“The magic of driving insights from data” is the title of a recent presentation by a well-known speaker in the world of analytics.
Well… the thing is I never see my peers or myself as magicians (though my son would be thrilled to find out his dad has magical powers!).
The problem with “magic” is that it cultivates unrealistic expectations. Joshua Althauser from explains this really well in a recent TNW article:
A company’s eventual success is based on a variety of factors, and data analysis should be treated as simply one of those vital factors, rather than a magic solution.
We all love labels and superheroes, like rockstars and magicians and ninjas and so on, but none of those labels do any justice to data scientists. If anything, they increase the disconnect between data and business.
You don’t need to be a sorcerer or a mighty wizard to drive insights from data. You just need the right mindset and toolset.
After all, it’s called data science, not data magic. Here is how data driven companies do it:
Start with a question (hypothesis)
Everyone has an opinion, so it’s time to use that to your advantage. I think it’s best when hypotheses come in the shape of questions.
So, what is the question that, once answered, will lead you towards a decision?
Still too theoretical? Ok, let’s try an example: Is the quality of traffic from paid ads worse than the one from organic sources?
Map out scenarios
In other words, what scenarios can come out of data and how would you go about them?
Let’s play with our example:
Scenario 1: The traffic from paid ads is of low quality.We should check the quality performance of each individual campaign. We will focus on the low performing campaigns and work towards getting them at the same level as the high performing ones.
Scenario 2: If the traffic from paid ads is of high quality, we should focus on content that non-paid traffic is interacting with. (change SEO strategy, partnerships, content).
Action paths for each scenario are clear. We can move to the next stage.
We need to figure out what data we need to invalidate each scenario.
First we need to define what “quality” is for traffic coming from paid ads. One way to do it is to define it based on the conversion rates from signup to onboarding, to the 1st week retention and eventually to payment.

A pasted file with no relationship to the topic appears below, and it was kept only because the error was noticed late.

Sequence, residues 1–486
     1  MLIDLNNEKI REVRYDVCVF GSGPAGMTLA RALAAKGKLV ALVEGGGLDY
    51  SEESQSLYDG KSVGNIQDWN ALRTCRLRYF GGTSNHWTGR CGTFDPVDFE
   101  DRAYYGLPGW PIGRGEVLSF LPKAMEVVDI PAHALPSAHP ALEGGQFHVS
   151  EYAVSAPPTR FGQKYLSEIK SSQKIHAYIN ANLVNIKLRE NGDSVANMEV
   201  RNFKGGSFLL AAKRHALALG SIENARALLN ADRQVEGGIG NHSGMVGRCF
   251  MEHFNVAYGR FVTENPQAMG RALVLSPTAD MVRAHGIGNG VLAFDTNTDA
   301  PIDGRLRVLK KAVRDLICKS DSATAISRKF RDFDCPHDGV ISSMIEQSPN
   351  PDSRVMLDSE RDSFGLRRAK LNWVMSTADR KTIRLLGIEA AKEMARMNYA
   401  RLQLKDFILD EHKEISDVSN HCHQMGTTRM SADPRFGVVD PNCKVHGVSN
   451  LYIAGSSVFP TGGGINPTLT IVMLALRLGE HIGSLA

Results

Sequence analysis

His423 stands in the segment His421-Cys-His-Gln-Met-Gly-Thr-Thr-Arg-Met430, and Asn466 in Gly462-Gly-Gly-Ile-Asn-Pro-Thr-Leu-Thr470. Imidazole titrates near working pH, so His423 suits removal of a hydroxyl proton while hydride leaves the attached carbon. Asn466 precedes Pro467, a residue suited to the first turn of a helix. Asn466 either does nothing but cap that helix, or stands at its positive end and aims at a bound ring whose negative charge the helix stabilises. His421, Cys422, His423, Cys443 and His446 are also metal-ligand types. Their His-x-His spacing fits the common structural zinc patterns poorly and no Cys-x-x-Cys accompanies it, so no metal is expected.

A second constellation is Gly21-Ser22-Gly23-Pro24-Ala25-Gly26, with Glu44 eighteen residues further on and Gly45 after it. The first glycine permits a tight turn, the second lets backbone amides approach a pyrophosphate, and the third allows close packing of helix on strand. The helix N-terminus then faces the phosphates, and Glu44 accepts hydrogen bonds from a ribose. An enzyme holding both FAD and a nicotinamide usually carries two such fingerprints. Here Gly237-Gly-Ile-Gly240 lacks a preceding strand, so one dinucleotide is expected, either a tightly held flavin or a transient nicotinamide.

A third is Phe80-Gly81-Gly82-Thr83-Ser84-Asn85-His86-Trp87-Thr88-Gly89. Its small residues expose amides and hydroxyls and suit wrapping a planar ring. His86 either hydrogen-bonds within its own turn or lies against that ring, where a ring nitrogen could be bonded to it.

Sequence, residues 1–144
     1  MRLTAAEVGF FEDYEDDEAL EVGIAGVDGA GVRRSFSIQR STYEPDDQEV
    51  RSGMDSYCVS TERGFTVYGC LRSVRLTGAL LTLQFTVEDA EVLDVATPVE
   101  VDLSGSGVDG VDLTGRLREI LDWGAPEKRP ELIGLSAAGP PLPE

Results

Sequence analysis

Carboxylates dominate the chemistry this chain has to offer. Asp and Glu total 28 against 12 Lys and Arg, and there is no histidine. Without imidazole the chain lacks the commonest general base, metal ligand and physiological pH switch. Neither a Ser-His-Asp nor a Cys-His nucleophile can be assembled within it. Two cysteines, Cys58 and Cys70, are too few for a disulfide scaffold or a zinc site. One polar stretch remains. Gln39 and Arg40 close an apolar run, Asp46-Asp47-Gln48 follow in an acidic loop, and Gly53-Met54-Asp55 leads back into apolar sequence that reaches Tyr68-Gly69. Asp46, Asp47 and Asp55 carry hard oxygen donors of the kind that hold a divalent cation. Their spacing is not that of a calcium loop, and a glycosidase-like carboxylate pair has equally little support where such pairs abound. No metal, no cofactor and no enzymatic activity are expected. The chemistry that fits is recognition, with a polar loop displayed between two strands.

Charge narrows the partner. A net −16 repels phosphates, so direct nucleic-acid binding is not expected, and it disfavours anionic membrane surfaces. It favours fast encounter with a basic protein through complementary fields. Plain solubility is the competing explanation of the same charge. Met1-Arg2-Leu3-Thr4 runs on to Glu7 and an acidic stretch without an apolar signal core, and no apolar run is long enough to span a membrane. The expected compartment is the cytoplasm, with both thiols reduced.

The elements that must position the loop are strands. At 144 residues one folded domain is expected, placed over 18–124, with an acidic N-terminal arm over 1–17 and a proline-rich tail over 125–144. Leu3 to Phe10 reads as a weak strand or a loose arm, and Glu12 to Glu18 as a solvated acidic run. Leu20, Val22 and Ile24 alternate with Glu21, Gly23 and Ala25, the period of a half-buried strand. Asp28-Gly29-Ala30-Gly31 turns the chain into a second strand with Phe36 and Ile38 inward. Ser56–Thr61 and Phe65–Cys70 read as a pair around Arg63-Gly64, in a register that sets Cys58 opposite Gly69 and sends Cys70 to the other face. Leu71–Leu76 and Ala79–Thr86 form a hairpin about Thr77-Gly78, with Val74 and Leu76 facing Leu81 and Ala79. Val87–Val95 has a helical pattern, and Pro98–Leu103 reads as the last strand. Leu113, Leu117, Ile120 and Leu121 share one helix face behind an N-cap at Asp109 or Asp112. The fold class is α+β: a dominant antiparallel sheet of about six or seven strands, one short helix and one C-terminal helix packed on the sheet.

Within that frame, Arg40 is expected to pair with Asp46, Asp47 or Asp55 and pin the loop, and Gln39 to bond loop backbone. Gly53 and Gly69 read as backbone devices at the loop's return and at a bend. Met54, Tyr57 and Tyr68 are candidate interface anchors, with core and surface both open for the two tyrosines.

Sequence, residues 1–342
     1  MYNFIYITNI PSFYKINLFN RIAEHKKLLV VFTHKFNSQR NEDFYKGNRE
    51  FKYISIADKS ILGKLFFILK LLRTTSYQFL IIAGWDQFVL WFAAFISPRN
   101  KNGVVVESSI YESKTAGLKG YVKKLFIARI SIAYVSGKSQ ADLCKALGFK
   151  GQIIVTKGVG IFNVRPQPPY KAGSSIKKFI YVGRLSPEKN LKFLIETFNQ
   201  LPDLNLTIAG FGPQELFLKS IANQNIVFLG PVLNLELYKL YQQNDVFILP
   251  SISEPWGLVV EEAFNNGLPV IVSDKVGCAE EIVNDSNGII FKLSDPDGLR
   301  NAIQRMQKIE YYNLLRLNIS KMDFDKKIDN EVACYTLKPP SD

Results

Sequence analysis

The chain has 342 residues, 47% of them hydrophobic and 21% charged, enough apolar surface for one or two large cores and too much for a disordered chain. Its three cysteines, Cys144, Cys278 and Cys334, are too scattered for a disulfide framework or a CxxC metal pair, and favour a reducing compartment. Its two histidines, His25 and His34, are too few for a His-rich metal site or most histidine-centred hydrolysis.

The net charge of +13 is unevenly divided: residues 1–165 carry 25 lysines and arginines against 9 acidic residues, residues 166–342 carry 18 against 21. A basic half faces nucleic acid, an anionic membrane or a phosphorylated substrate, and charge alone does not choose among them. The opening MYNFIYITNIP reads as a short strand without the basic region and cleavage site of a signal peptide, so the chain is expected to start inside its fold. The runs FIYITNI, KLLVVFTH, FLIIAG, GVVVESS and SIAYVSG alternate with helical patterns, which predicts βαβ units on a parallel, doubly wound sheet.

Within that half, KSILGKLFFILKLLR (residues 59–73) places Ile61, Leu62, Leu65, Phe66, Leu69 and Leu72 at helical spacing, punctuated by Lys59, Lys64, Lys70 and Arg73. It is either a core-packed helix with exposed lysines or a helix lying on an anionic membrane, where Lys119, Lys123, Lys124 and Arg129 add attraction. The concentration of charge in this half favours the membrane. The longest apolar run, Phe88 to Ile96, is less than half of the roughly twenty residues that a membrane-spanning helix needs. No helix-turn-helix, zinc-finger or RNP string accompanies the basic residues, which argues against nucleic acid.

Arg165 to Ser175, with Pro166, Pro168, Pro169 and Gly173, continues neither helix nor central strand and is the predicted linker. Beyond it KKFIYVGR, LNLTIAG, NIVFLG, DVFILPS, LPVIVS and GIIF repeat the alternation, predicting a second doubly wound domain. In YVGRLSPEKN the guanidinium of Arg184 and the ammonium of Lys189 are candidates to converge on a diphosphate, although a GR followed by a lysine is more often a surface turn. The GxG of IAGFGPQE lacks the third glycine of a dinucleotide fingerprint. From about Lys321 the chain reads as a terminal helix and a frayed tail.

We need to identify the quality goals for each paid advertising campaign and see if it is above or below the overall conversion rates for non-paid traffic.
Now that the strategy and tactics are set, let’s get to work and see what tools can help us answer our question.
Aggregate, clean and filter your data
We need to link each paid ad click to a signup and then follow that signup across time and see how it performs.
Most users have multiple touch points to our website before they create an account. We need to know all of those touch points and link them to a signup. You can use this library for this purpose.
We need to make sure that, once a user signs up, we will be able to link the initial click to any interaction of that user regardless of how many devices he/she uses or how much time it takes to make them.
For that you will need to map the attribution data to your existing user-based analytics service which will link campaign attribution to user behavior.
Apply data algorithms
It’s now that science comes in. Might look like magic to some but it’s just maths. Beautiful math.
In our case we will need to measure the time it takes for most users to get from signup to all the quality goals we are after.
That will define the timeframe needed to analyze the campaigns. If we have this wrong, we might be looking at partial data that is very likely to be biased.
If you measure the impact of a campaign for the 1st week retention before a week lapses since the start of the campaign, you’ll get 0 conversions.
Secondly we’ll need an algorithm that will help you identify statistically significant results. We can use the Chi-square test for this purpose. It’s easy to apply in an Excel sheet and there are tools that come with it integrated.
Visualize results & act
Is this a one time analysis? Excel will do just perfectly. Pull the data in it and add for each campaign clicks, leads, and how many of them reached the quality goals.
Order them by using a pivot table that considers both number of leads (quantity) and how many of them reached the goals you are after (quality). Apply CHI-square to identify the statistically significant results.
Now that we have our results, we just go back to the scenarios we initially mapped for our hypothesis and act on them.
It’s not magic. It’s just science that anyone of you can do by following the above steps.
Your turn now! Does data science look like magic to you?